Bernie Madoff asks for early release, saying he’s terminally ill
Bernard Madoff, who defrauded investors of more than $19 billion in history’s biggest Ponzi scheme, has asked for early release from his 150-year prison sentence, saying he has 18 months left to live.
Madoff, 81, asked U.S. Circuit Judge Denny Chin to release him after serving just 10 years, saying he suffers from terminal kidney failure and other ailments.
His lawyer, Brandon Sample, said in a court filing that Madoff has “chronic kidney failure that has progressed to end-stage renal disease.” Madoff also suffers from other conditions, including heart disease, high blood pressure, esophageal reflux, insomnia, shortness of breath, back pain, itching, leg cramps and anxiety, according to the filing.
“Madoff humbly asks this court for a modicum of compassion,” Sample said in papers filed in Manhattan federal court Wednesday.
Early release for Madoff could outrage many of his victims. Investors lost $19 billion in principal when Madoff’s securities firm collapsed in December 2008. His victims included thousands of wealthy investors, Jewish charities, celebrities and retirees.
If granted, an order freeing him would come on the heels of one granted to former WorldCom Inc. Chief Executive Bernard Ebbers in December for medical reasons. Ebbers, who was convicted in 2005 of securities fraud following WorldCom’s collapse, served more than 13 years of a 25-year sentence. He died on Feb. 2 at age 78.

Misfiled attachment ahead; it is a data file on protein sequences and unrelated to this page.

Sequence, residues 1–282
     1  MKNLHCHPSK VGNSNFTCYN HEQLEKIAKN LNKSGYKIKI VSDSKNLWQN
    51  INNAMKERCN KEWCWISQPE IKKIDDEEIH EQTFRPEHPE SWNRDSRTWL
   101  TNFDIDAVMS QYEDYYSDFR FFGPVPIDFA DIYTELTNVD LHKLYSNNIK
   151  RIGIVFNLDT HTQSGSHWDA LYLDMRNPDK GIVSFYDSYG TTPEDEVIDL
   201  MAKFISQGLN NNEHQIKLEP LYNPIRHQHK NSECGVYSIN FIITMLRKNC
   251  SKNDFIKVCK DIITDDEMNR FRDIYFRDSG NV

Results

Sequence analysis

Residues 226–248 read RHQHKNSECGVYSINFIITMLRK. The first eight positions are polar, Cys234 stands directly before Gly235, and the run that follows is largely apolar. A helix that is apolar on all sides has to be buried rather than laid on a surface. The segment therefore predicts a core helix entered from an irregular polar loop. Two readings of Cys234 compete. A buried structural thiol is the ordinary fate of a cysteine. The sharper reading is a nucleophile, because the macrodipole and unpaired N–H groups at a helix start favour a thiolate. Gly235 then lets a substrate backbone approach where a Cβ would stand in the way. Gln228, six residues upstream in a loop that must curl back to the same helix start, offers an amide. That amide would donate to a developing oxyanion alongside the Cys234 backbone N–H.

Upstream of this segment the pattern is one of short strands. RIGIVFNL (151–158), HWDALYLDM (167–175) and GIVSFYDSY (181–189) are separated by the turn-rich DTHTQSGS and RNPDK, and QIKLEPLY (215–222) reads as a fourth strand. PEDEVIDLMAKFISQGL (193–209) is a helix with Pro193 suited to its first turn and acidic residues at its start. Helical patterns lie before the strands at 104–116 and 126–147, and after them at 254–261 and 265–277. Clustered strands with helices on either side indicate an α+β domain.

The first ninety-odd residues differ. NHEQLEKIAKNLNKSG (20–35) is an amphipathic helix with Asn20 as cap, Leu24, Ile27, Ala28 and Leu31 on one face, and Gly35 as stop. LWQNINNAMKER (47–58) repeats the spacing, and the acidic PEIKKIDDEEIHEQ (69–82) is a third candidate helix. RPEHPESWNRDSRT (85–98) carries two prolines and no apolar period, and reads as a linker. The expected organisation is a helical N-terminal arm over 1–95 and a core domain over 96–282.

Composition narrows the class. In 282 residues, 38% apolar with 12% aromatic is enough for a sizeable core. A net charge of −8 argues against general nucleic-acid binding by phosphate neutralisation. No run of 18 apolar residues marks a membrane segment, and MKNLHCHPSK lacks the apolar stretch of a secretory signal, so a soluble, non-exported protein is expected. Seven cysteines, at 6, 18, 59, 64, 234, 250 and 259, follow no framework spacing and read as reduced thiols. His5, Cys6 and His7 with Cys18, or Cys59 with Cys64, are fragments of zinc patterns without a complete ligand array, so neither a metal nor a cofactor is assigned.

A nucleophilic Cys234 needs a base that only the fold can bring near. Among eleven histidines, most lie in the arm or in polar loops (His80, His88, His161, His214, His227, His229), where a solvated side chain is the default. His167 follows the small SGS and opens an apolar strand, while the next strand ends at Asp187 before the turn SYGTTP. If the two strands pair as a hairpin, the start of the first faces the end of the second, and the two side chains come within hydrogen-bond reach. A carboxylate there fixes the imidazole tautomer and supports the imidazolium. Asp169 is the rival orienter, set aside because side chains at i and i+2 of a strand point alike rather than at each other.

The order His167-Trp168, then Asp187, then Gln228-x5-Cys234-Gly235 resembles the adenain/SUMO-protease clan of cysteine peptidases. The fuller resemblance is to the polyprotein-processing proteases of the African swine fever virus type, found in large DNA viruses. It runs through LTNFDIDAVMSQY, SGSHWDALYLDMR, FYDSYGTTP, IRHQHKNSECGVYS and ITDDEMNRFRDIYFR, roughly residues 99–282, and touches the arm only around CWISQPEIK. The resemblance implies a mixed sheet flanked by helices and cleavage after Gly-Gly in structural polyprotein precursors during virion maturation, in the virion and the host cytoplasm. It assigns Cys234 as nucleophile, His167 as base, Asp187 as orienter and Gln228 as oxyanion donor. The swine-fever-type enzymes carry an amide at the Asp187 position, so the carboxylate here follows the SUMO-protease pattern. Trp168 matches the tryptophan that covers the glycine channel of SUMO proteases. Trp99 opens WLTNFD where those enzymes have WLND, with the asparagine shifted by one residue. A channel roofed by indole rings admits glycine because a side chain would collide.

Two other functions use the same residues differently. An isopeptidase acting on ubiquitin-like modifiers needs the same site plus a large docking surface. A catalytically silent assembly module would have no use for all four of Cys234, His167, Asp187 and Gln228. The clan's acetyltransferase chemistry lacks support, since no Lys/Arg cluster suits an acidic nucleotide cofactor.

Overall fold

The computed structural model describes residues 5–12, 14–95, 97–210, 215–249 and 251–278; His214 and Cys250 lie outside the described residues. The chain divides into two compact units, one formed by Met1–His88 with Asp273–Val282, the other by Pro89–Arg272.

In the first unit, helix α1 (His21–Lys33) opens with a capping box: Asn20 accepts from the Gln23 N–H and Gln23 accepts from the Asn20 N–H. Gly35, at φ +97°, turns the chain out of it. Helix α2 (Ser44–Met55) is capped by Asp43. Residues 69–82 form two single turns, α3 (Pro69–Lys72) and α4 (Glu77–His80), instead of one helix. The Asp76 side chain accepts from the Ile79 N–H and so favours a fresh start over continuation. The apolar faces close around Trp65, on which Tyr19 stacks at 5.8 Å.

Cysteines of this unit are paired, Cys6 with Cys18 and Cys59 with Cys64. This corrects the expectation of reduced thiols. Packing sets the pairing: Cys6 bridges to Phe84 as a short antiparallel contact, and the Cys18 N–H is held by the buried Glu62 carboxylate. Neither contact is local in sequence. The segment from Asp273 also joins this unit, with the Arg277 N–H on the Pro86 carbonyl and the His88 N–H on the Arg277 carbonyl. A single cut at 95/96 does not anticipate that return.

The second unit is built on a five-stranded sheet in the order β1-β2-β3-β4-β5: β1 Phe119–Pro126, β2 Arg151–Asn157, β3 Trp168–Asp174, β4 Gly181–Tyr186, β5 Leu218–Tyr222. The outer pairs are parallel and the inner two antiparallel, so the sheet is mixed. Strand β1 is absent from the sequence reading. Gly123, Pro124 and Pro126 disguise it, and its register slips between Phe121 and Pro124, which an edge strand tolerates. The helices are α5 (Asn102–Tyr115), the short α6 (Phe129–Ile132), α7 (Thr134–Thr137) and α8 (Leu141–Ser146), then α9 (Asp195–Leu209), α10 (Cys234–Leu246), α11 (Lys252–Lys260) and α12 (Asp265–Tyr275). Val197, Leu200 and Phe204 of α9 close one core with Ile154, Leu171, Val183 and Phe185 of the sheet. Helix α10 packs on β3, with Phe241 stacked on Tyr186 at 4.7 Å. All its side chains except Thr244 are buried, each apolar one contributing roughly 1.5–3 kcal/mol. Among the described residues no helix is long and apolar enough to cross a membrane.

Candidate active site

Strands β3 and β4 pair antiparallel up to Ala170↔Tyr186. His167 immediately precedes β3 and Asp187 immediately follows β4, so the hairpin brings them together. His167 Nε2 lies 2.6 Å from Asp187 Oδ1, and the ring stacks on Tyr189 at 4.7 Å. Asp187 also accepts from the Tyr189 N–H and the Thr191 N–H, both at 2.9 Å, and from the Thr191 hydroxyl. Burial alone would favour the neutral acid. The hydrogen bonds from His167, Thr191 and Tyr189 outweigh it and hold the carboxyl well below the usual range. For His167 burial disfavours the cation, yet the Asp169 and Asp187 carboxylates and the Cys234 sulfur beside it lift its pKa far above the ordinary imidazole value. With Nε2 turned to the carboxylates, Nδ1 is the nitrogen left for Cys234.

Madoff built a reputation over three decades as a brilliant stock picker who delivered uncannily steady returns in good markets and bad. But his results were largely fictitious, and he told his family in December 2009 that the business was “all just one big lie.” Madoff’s two sons turned him in to the Federal Bureau of Investigation. One of his sons later committed suicide. The other died of cancer.
The scheme unraveled in 2008 when the economic crisis led to more withdrawals than Madoff could afford to pay out. Some clients learned they lost their life savings after Madoff’s confession and arrest on Dec. 11 of that year.
Chin sentenced him to 150 years behind bars after the con man pleaded guilty in 2009.
“This was not merely a bloodless financial crime that occurred on paper, but one that takes a staggering toll,” Chin said at the time. “The breach of trust here was massive.”
In July, Madoff asked President Trump to commute his sentence. Legal experts at the time largely dismissed the possibility that his request would be granted, given the magnitude of his crime.
A trustee appointed to recover money for Madoff’s victims says they’ve been repaid some $12.9 billlion as of Jan. 24.
Madoff is seeking early release under the 2018 First Step Act, which allows some federal inmates who are over 60 years old, or who face terminal illnesses, to serve the end of their sentences at home. Ebbers was released under the same law.
In July, Raj Rajaratnam, cofounder of Galleon Group LLC and the mastermind of what prosecutors said was one of the largest hedge-fund insider-trading rings in U.S. history, was released two years early under the First Step law. Rajaratnam, 62, served nine years in prison.
Madoff is serving his time at a federal medical center in Butner, N.C.
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